This summer during the Teacher’s College Writing Summer Institute I had a few good “aha moments”. I was in a week long workshop with Mary Ehrenworth (She’s amazing!!!) on teaching nonfiction to students and I learned so much. Some of these moments came out of the writing sessions with her.
Aha Moment #1: Model a Few Different Topics of Writing
Mary told us she would model a few types of nonfiction writing pieces during mini-lessons throughout the nonfiction unit. Instead of modeling just one piece of nonfiction writing with the students, she writes a few different nonfiction pieces with her students. When she modeled her writing with her students, she specifically chose topics that she thought were types of stories her students would be interested in writing. I did a similar thing when I shared my personal narrative writing. I shared writing I did about a soccer game (my boys LOVE playing soccer), my dog minnie (kids love pet stories), and watching Yuna Kim skate (Korean hero!).
Aha Moment #2: Allow Students to Publish More Than 1 Piece for a Unit
Mary suggested that we have the students work on more than 1 piece during a unit. One way that happens is that when students finish revising and editing their first piece, they start writing the next one. It sounds so simple and obvious, but I don’t think I was the only teacher in the room having this new revelation. Some students will feel finished with their piece and be ready to publish it quickly. This is not necessarily a bad thing. If they are ready to publish their piece, they can work on starting a second piece.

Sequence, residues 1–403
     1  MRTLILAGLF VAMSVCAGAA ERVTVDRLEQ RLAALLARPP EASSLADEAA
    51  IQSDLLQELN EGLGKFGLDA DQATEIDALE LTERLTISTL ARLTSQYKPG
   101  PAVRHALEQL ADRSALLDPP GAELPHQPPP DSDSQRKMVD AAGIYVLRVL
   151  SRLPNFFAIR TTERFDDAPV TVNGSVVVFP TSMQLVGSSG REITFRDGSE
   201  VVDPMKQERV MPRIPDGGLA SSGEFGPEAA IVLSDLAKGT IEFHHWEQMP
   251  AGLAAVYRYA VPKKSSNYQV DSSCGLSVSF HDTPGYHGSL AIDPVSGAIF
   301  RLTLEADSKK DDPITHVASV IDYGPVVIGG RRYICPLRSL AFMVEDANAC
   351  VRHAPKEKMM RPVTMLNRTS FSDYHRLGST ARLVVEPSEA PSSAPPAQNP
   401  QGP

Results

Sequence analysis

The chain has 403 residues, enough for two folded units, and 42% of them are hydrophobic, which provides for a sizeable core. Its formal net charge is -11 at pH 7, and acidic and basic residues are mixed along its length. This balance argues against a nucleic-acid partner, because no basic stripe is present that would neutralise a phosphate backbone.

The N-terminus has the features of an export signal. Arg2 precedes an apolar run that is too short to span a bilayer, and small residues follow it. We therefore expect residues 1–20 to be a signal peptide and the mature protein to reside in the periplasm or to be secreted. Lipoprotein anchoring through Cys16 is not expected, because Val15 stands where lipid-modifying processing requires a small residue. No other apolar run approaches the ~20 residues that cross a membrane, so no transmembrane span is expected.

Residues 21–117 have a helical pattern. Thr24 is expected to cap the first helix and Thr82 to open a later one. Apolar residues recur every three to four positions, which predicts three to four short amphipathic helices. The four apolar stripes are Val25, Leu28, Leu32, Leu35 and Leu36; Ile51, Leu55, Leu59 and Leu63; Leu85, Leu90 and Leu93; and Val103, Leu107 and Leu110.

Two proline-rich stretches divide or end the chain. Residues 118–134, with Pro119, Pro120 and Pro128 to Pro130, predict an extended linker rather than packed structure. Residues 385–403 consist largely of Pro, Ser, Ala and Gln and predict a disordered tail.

Last year I had some students finish editing and revising their work quickly and after that they didn’t really have anything to do. So this year, during our personal narratives unit, I kept telling my students that if they felt finished with their piece, they can start working on a second one. Right now, I have a handful of students working on their second piece and many students still working on editing their first piece. I’m so excited for their publishing party on Friday!
Aha Moment #3: Make the rubric specific on what the students writing should show.
This aha moment came last week, when our literacy specialist asked me about what rubric I used to assess their personal narratives. I remember last year when I used the rubric I wasn’t really 100% pleased with the format even though it looked nice and had the standard sections (writing process, mechanics & qualities of personal narrative writing). She suggested that I divide up some of the categories so they are more specific on what I expected students had learned and shown in their personal narrative. Therefore, the students will also get better feedback on what parts of their writing they need to improve. It’s great finally having a literacy specialist to support us!
So I decided to revamp the whole thing! I included a self assessment section where students will mark how they think they did. I think that it will be valuable insight to see where they think their writing is.
If you use it, or use some parts of it, let me know how it is! Feedback is always appreciated.